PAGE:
Academy Dashboard Forum Production Production Techniques An error in "The Circle of Fifths!"

  • This topic has 35 replies, 6 voices, and was last updated 5 years ago by face (chris) Janton.
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    Just Lisa

      I like Gypsy Jazz in small doses. One of my favorite guitar players, Synyster Gates of Avenged Sevenfold, is also a gypsy jazz player. And I have gypsy jazz picks to play my own guitar because they're really thick and grippy. Check him out: and
      One of my all time favorite guitar solos in the whole world is in a song called "Coming Home" Probably not your thing, I'm guessing. But give it a chance... (solo starts just after 2:30 and goes almost two minutes.)

      And, because of the song being a gift for a friend, it needs to keep the smooth jazz vibe I gave it initially. 112 bpm, Slow Bossa is how I wrote it on the lead sheet. Jim Chapelle, Estar Contigo, another of my all time favorite pieces of music.

      A study in contradictions? Not really. It's all about the harmony.

      So, tell you what... give me the seed of an idea and we can start a new project. A little more rapidly paced. Got a standard you want to reboot? A favorite jazz chord progression? I'm up for the composition. I've been so busy trying to learn to mix that I haven't really done much composing lately. Except for my Side by Side strings. (There's a post in the Feedback forum.) And if I start with the accordion in mind, it'll work better. I don't know much about the accordion, though.

      And please, don't bring up 'smoke' -- I've been having very serious issues with one of my kids and can only see red when I'm reminded of it. Not your fault, of course. Please don't feel bad.

      : )

      Classical guitarist Julian Bream had a dog named Django in a documentary I saw last year. Little guitar trivia.

      face (chris) Janton

        My non-classical musical taste easily extends from "Comfortably Numb" to "Feel So Numb". Just depends on how much brain crushing I need. I would really like to be able to do my own mix of things like "Runaway Train - Michael Lee Firkins" needs more thunder toms to accompany the pyro. My drum fun is more like that on "Mr. Sambo - Richie Sambora". Still listen to my Celtic Frost album from time to time ๐Ÿ˜‰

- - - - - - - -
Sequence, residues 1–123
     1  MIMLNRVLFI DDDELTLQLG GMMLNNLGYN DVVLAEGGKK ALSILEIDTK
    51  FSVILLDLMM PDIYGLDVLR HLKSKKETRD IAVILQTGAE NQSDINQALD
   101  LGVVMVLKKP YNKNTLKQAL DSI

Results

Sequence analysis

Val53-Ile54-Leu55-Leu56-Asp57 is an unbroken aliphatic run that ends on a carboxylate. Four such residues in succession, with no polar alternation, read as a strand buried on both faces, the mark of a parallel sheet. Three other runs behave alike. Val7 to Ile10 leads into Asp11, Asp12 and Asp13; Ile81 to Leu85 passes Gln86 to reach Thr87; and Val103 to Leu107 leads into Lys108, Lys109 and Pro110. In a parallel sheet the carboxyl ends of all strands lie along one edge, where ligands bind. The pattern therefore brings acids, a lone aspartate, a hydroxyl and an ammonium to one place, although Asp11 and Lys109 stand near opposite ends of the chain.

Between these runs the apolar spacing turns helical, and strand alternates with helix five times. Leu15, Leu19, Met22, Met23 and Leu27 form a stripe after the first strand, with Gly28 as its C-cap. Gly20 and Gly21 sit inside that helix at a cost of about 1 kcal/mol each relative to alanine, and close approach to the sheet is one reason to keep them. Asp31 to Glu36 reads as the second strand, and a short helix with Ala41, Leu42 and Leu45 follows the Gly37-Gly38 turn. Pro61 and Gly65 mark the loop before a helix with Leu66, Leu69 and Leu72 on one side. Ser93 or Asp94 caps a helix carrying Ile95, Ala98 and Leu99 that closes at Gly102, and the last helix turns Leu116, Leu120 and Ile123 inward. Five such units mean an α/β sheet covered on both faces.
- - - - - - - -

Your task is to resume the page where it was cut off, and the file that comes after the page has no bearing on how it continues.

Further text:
I really like Avenged Sevenfold.

        I'll keep the seed idea present. Rebooting standards is hard for me ๐Ÿ˜‰ I like them the way I heard them first...but I might call Bill Evans tunes "standard" as well as things like the Gil Evans/Miles Davis tracks. "Solea" is always tasty.

        The accordion in my ear happens a lot due to my locale - Northern Sonora, South Gadsden Purchase, Tucson AZ. A couple of the bands I try to get live recordings from/for have the occasional accordion/concertina.

        No bad feelings here.

        face (chris) Janton

          Being noun challenged I was unable to produce the word "bandoneon" which is the sound I actually hear in my head. That wonderful confluence of gypsy jazz and tango in my head...

          Just Lisa

            I have Bandoneon in my sound libraries, but I didn't know what it was. So, whatever we come up with, it can sound kind of right until we find someone else to play it for real.
            A favorite chord progression?
            I might even finally be motivated to figure out how to get Studio One and Notion to work together the way they're supposed to. The integrated notation software was one of the biggest selling points for me choosing Studio One last year. But I haven't spent much time with it.